From the left: Amal Clooney, Nadia Murad, and Secretary-General Ban Ki-moon (UN Photo/Eskinder Debebe)

Amal Clooney’s fight against ISIS

Her first speech at the UN and her fight for Nadia Murad.

On International Day of Peace, the United Nations appointed Nadia Murad Basee Taha, a 23 year-old Yazidi woman and Nobel Peace Prize nominee who survived trafficking at the hands of ISIS, as UN Goodwill Ambassador for the Dignity of Survivors of Human Trafficking.

Murad is represented by international human rights lawyer Amal Clooney, wife of George Clooney. As counsel to Murad and the victims of the Yazidi genocide, her goal is to hold ISIS accountable for the genocide and for the sexual enslavement and trafficking of thousands of girls and women.

Amal Clooney spoke about Murad and her legal battle at the goodwill ambassador ceremony, her first speech at the UN [a full transcript was published by the Independent].

This is the first time I have spoken in this chamber. I wish I could say I’m proud to be here but I am not. I am ashamed as a supporter of the United Nations that states are failing to prevent or even punish genocide because they find that their own interests get in the way.
I am ashamed as a human being that we ignore their cries for help. We know that what we have before us is genocide, and we know that it is still ongoing. We know exactly who the perpetrators are. They brag. ISIS brags about its crimes online.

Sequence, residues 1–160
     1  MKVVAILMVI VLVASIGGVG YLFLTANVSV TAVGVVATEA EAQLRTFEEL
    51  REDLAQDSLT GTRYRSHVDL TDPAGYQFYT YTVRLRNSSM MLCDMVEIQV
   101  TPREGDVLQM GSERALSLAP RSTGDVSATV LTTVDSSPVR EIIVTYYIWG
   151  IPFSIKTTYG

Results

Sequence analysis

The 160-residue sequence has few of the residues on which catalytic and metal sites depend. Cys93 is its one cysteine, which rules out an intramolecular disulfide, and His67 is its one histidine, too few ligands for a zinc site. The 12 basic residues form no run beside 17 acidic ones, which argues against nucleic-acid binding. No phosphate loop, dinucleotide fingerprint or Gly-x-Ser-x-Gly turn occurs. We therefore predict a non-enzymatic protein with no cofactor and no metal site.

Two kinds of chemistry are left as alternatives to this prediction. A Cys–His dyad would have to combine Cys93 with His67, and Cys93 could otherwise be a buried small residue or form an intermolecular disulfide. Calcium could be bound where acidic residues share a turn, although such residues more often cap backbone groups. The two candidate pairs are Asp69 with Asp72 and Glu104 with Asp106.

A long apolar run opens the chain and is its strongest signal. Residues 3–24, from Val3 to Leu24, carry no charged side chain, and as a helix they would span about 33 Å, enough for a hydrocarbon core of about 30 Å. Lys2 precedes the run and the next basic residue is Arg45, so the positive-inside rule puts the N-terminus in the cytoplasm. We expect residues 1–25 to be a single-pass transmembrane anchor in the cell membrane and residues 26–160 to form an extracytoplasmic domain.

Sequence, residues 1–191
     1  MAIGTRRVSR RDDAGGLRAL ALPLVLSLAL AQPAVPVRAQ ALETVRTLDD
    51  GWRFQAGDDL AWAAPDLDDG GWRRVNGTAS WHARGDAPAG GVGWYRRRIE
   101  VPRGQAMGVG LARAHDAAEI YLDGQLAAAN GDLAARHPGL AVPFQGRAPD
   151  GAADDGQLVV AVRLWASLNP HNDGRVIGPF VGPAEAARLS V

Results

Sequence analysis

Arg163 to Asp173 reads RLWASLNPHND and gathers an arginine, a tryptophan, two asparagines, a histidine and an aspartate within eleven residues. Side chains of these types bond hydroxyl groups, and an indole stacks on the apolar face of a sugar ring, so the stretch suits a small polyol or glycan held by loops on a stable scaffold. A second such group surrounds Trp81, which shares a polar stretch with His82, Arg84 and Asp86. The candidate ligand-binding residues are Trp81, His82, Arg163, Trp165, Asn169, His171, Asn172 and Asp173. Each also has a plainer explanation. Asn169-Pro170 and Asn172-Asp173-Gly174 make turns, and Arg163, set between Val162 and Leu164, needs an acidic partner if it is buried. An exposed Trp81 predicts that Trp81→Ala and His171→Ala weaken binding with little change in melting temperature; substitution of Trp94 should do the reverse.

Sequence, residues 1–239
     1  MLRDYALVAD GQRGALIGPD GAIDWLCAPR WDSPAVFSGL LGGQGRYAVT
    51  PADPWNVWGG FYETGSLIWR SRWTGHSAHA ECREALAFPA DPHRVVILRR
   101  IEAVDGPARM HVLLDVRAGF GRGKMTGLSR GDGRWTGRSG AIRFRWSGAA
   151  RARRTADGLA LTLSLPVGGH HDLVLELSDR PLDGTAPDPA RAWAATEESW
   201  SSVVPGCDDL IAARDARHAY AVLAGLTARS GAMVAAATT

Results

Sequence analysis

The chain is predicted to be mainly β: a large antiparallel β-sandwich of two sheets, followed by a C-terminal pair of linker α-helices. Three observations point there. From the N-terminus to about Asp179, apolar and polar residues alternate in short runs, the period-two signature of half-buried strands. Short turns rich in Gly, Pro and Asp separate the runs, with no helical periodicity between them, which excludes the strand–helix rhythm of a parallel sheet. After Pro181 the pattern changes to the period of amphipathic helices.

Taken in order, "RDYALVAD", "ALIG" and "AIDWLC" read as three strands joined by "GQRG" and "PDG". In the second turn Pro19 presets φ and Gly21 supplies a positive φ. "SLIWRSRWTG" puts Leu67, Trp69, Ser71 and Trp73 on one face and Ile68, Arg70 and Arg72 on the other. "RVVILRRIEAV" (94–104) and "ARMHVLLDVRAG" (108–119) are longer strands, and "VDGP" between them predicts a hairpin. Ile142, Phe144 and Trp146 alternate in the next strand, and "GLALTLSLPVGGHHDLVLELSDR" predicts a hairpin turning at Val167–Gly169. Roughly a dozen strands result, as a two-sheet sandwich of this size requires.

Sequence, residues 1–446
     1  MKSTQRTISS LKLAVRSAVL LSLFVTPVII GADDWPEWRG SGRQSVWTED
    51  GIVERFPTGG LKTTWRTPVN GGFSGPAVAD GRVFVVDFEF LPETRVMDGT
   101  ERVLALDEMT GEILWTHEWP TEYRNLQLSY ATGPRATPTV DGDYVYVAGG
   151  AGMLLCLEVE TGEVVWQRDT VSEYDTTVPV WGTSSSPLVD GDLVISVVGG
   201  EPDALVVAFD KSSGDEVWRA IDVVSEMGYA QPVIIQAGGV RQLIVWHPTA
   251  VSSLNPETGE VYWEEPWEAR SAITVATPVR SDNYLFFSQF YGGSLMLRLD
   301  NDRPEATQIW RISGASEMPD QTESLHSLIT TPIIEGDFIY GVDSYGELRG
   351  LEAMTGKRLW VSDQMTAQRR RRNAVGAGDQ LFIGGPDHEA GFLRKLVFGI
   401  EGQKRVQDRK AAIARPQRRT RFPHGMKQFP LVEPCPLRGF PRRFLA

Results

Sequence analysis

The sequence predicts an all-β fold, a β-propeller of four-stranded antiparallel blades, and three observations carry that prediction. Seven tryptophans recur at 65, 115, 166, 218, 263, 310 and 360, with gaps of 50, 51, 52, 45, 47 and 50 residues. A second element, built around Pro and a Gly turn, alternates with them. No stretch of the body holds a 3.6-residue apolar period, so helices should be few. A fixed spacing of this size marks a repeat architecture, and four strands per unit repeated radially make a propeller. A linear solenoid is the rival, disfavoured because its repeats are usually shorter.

Two simple but powerful words to describe ISIS’ narrative and techniques: “They brag — she said — ISIS brags about its crimes online.”

Clooney sat down for an exclusive interview with NBC:

ISIS can just be reborn after a different name if you don’t actually change the narrative and change people’s minds. They are brainwashing people. I think one of the ways to take action against them is to expose their brutality and their actions.

In his address during the ceremony, British Ambassador to the UN Matthew Rycroft highlighted the importance of Nadia Murad’s story in the fight against ISIS and terrorism. “You told ultimately a story of survival, of hope, of overcoming the unspeakable,” he said.

In my job words matter. But sometimes even diplomats are lost for words. And when faced with the horror and brutality of Daesh [ISIS], sometimes the words that we find ring hollow. The comfort of the UN Security Council chamber and the polish halls of the United Nations are a world away from the harsh realities that we seek to describe; a world away from the injustices we seek to overcome. And that is why it is so important that we hear your words, Nadia, the way you spoke them, with authority, credibility, and conviction about the wrongs that you suffered.
Via UKUN_NewYork’s Instagram profile.